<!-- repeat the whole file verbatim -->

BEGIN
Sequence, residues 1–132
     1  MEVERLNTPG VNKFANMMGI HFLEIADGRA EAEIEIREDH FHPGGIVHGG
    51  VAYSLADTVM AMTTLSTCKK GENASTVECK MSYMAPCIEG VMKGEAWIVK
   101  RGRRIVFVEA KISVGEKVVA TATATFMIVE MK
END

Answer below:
Sequence, residues 1–132
     1  MEVERLNTPG VNKFANMMGI HFLEIADGRA EAEIEIREDH FHPGGIVHGG
    51  VAYSLADTVM AMTTLSTCKK GENASTVECK MSYMAPCIEG VMKGEAWIVK
   101  RGRRIVFVEA KISVGEKVVA TATATFMIVE MK